Having a newborn is probably one of the most extreme circumstances when one lacks time, sleep, and a proper eating routine, suffers some memory problems and feels drained physically and mentally (especially when the baby has colic).

The great news is that I survived the terrible labour and that my baby is well!

The bad news is that, although a few weeks have passed since my son’s birth, I still don’t have a routine I’d find relatively stable and effective. Days are challenging, time passes incredibly quickly and I need to be very flexible. I feel I would like to devote a bit more time to my interests and exercising but working on wellbeing and parenting has become a priority right now.

In meantime I’ve been discovering some new activities and experiments I can do with my 4-year-old daughter. Some quality time for us is needed more than ever.

Have a look at some interesting ideas for children’s activities: here

Can worrying be good for you?

“Values are linked to worries. Researchers distinguish two types of worries – micro worries and macro worries (Boehnke et al., 1998).

Micro worries are all about yourself and others close to you (‘Will I get an interview?’, ‘What if he leaves me?’). Not surprisingly, they lead to poor well-being. Moreover, people who have a lot of these worries usually hold power and hedonism values.

Macro worries, on the other hand, are about society, the world or universal issues (AIDS in Africa or presidential elections in the USA). People who are high on universalism and bebevolence values have these types of worries, together with a higher level of well-being (Schwartz et al., 2000).

So, worrying is actually good for you, as long as it is not self-centered.”

Positive Psychology in a Nutshell. The science of happiness. by Ilona Boniwell.

What is HYGGE and how can it improve your life and well-being?

Living-Room-Inspirations-A-Pile-of-Pillows-Helps-The-Medicine-Go-Down6

Hygge (pronounced “HUE-gah”) is a Danish word that describes a lifestyle where we consciously focus on creating joy and cosiness in everyday life, or, in other words, it’s a ritual of enjoying and celebrating life’s simple pleasures such as family, good feelings, nature and friendships.

People who implement this in their lives respect others and try to be always warm, friendly and open. Surely, the world would be a much more beautiful place and our lives easier if everyone decided to implement this approach. 😉

Snuggling up in a blanket in your most comfortable PJs, with a big cuppa of your favourite coffee, tea or hot chocolate, and working or relaxing in such a comfortable environment, is something we should aspire to once in a while if we want to maintain or boost our well-being, according to Danes. They believe that this is the best way to fight boredom and depression too.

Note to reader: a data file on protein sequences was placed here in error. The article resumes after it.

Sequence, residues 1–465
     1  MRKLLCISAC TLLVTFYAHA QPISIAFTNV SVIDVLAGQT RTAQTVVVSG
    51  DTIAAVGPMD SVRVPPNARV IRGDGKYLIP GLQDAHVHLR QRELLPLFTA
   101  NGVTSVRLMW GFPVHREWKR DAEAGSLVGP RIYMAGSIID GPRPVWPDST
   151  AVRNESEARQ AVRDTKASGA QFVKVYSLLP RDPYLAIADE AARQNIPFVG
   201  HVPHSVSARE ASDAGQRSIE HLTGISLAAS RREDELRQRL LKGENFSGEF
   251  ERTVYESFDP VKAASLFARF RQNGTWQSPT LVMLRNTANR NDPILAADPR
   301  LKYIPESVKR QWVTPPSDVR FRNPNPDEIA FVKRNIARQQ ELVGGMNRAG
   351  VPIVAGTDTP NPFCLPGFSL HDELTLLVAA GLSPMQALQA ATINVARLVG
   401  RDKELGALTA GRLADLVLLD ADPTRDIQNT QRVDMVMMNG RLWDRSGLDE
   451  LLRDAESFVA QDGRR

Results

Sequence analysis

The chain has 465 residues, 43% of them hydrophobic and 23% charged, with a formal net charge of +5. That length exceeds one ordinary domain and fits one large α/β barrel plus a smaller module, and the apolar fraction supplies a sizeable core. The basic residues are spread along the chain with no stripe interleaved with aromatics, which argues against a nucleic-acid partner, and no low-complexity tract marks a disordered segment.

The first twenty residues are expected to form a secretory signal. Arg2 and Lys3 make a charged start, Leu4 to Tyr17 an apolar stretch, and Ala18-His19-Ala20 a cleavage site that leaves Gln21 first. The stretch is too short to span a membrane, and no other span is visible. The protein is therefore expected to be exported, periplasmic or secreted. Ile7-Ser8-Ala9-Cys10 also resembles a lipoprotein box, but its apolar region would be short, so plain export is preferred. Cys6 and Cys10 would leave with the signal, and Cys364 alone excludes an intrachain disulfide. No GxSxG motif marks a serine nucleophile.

Some people describe Hyggeias a Danish way of looking for beauty in everyday mundane life.

Hygge means that we allow more time for things that we enjoy. It means that we are okay to slow down not because some activities need to be done more carefully but because they simply give us pleasure and put us in a good mood: simple, small, everyday things like making a coffee or preparing or eating breakfast.

To some it may seem like a lovely but awfully unproductive (yet nearly impossible) way of living which active and busy people don’t have time for, but actually…  is Hygge perhaps the answer to why Denmark is often in the top 10 happiest nations in the world?

Living a very active busy lifestyle is surely draining and not really a natural way of living for human beings. Hygge can help you to relax, slow down a bit, and make your life more enjoyable.

How can you implement Hygge in your busy everyday life? 

Everyone is different, so not every activity will feel ideal for you, but if you look at the ideas below, you may find something that you will actually really enjoy and may consider trying to implement in your busy schedule once in a while …

Why should you do it?

Better to ask: why not? Why not try it if it was found to be so beneficial for people?

    • For example, you could invite friends round for a chat (rather than a movie or playing games, or sitting together and texting) and put out some simple drinks and perhaps a fruit or cheese platter for you all to enjoy together.
    • You can consider what you have always wanted to try but had various excuses for not doing, and take up a new hobby that would help you to relax (painting, swimming?).
    • You could light some candles to create a soft glow during dinner time and switch off the TV and your mobile, so you can enjoy your meal more.
    • Go out and play and enjoy spending time with your dog or children outside.
    • Have a picnic in the park with a friend.
    • Go for a bike ride

The ideas are endless really. You can find your hygge where you find your inner calm, where you feel good. It doesn’t need to be nature or snuggling in a warm blanket at home. It may be a coffee shop in the city centre where you enjoy observing others while drinking caramel mocha. It’s an individual matter as to what feels right and makes you happier.

Everyone can find hygge in a different place and situation. Try to find yours. Do more of what you love and be open to new ideas for spending your time unwinding and relaxing, especially here and now – in this super busy world that we live in…

You have only one life. Live it well! Enjoy it!

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If you’d like to learn more about Hygge, I recommend this beautiful edition in hard cover (great as a gift!): Hygge: The Danish Art of Happiness by Marie Tourell Søderberg. Have a look here

This is a nice read too: Hygge Habits: 42 Habits for a Happy Life through Danish Hygge that take Five Minutes or Less by Helena Olsen (more details here).

… and to end in true Hygge style here are two quotes that perfectly summarise this post… 😉